Despite all of the metal--and we do mean all, for there is not a trace of anything but metal on this thing--the H-Frame is surprisingly light. However, it also seems rather small for such a high-end product; for example, our (large) CPU cooler didn’t clear the side panels, and made slight contact, which would bend the panels out over time. We also had a rough time getting our PSU mounted. There was nowhere to route the 8-pin PSU connector that our MSI motherboard requires either, other than through the interior of the case and across all the components, which is a minor but somewhat odd oversight. More room behind the motherboard try would be appreciated.



     

For that matter, as you can see in the photos, there are a lot of cables inside; the H-Frame comes loaded with its own, including for SATA power and data cables, so unless you have a modular PSU, you’re going to be stuck with a mess of cabling that you can’t do much with other than zip tie them together in something resembling order. That said, the reason that the SATA cables are included is because all three HDD trays have SATA mounts, so you can just slip a drive into the tray and pop it back, and it will be connected. (In Win calls them “EZ Swap Modules”, but we just call them convenient.)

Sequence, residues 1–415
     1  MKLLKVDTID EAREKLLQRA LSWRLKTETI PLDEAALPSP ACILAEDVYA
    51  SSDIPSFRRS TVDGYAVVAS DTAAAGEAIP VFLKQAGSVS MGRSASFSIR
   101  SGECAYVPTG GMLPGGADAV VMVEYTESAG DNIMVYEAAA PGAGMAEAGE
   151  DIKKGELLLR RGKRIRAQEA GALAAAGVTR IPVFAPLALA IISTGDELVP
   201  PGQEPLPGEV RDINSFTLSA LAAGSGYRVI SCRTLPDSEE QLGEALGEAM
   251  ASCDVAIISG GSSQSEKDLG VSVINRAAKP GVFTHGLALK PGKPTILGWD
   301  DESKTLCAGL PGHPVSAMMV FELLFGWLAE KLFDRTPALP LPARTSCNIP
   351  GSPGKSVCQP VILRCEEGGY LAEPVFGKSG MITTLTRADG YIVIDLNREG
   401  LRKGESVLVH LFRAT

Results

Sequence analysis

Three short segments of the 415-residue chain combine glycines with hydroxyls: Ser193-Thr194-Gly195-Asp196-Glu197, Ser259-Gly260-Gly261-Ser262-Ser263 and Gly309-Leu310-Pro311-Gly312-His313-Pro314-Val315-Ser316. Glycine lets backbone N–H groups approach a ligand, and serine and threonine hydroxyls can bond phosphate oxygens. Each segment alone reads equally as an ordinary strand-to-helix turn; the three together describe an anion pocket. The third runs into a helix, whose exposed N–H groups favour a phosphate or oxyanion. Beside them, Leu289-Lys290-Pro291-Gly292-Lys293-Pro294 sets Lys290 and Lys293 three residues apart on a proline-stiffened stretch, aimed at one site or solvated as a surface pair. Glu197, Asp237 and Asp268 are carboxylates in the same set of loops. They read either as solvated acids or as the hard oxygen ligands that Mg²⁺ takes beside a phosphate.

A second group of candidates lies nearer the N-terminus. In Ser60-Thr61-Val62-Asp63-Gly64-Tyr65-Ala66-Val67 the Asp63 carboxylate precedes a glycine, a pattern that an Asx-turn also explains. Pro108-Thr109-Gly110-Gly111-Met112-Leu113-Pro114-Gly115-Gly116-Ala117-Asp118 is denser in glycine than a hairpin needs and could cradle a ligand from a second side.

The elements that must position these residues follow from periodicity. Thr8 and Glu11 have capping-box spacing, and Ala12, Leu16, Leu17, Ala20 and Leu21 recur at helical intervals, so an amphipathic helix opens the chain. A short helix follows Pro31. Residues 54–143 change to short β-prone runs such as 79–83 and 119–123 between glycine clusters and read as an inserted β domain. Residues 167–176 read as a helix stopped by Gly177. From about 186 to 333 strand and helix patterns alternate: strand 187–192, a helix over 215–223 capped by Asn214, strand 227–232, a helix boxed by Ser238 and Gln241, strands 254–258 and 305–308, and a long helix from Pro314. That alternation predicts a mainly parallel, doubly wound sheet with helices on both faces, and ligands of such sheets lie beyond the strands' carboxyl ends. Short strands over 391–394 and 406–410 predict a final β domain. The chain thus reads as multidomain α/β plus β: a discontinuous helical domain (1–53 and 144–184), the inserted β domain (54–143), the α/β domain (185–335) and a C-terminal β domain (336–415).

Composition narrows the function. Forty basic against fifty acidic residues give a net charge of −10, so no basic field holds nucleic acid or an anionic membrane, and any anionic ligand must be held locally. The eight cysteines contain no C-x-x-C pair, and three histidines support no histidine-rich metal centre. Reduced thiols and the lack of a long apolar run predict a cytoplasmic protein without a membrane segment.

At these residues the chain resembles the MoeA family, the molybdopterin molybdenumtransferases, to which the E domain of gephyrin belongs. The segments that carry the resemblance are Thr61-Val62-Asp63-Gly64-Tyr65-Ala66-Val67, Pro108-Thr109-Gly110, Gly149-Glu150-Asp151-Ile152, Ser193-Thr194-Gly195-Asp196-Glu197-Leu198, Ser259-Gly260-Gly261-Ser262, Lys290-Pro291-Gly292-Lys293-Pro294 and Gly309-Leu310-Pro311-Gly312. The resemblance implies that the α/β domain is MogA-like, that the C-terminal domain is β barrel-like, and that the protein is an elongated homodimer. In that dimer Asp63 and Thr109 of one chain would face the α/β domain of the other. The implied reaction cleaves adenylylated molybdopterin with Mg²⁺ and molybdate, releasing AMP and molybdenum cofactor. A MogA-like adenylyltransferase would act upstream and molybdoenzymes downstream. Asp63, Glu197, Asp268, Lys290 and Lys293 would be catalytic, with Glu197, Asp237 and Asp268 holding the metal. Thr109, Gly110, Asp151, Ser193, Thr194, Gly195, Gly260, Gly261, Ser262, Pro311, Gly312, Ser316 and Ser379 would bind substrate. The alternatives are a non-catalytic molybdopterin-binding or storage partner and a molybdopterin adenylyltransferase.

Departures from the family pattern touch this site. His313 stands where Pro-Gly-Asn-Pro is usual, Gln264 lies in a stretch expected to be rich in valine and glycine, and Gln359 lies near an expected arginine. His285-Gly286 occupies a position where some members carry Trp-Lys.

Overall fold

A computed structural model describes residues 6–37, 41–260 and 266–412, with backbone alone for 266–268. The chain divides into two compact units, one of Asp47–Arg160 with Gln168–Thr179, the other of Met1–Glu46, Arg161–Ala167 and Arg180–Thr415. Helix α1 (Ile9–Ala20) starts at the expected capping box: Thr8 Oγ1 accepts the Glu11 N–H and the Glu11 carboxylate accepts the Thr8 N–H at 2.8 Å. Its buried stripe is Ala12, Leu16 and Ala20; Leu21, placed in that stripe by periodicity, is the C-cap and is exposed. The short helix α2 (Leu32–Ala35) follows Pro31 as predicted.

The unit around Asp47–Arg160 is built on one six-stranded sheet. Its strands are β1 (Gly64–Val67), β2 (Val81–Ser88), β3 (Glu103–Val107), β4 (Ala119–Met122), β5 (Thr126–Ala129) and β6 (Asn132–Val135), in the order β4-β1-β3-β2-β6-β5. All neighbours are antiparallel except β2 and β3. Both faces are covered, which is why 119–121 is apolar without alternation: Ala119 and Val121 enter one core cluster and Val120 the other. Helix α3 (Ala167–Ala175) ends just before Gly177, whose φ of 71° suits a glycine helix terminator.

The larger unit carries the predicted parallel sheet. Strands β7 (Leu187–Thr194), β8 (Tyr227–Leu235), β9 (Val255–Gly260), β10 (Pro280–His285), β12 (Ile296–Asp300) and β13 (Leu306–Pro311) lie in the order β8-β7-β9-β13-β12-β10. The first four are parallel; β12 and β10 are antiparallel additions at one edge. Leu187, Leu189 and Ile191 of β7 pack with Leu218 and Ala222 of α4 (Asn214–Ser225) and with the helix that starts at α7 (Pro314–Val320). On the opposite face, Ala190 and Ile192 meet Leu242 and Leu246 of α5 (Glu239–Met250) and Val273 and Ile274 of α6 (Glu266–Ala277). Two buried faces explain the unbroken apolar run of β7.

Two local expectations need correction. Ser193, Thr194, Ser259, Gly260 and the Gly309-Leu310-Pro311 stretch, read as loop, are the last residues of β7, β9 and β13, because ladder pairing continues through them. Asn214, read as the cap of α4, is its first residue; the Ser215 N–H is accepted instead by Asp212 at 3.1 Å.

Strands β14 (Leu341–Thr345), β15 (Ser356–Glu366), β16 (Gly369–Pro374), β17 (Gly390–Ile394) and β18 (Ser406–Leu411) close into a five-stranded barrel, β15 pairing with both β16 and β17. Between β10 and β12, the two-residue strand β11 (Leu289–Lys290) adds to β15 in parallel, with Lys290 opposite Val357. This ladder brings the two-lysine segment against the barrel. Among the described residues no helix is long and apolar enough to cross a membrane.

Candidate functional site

Despite the H-Frame having three 3.5-inch HDD trays (including one with a 2.5-inch converter bracket) and a dedicated 2.5-inch tray, there’s only one 5.25-inch drive tray. There are also 7 expansion slot locations, which is adequate. 
 

Article Index:

1 2 Next
0
+ -

Why cant we load pictures ladies and gents?

TcM

0
+ -

In Win H-frame is an dust collector or not ?

0
+ -

That H-Frame is a cool looking design. I would actually want to use something like that. Sadly, when I went searching for where to buy it, NewEgg had it listed as discontinued.

The Lian-Li is 'clean' looking, but I don't like how the system is laid out, nor how the heat would travel through it. Essentially, to me, it seems too 'closed up' and I don't like the HDD's position at the top of the case which doesn't appear to have an output heat vent.

The Fortress FT02 Looks like it has a nicer setup than the Lian-Li, but when I look at your thermal testing, it shows that the Lian-Li was actually the 'coolest' running case of the three. I was surprised. I also wished that you had included a thermal test with the H-Frame having the exhaust fan even though it wasn't included in the default setup. That would have been interesting data to know as well.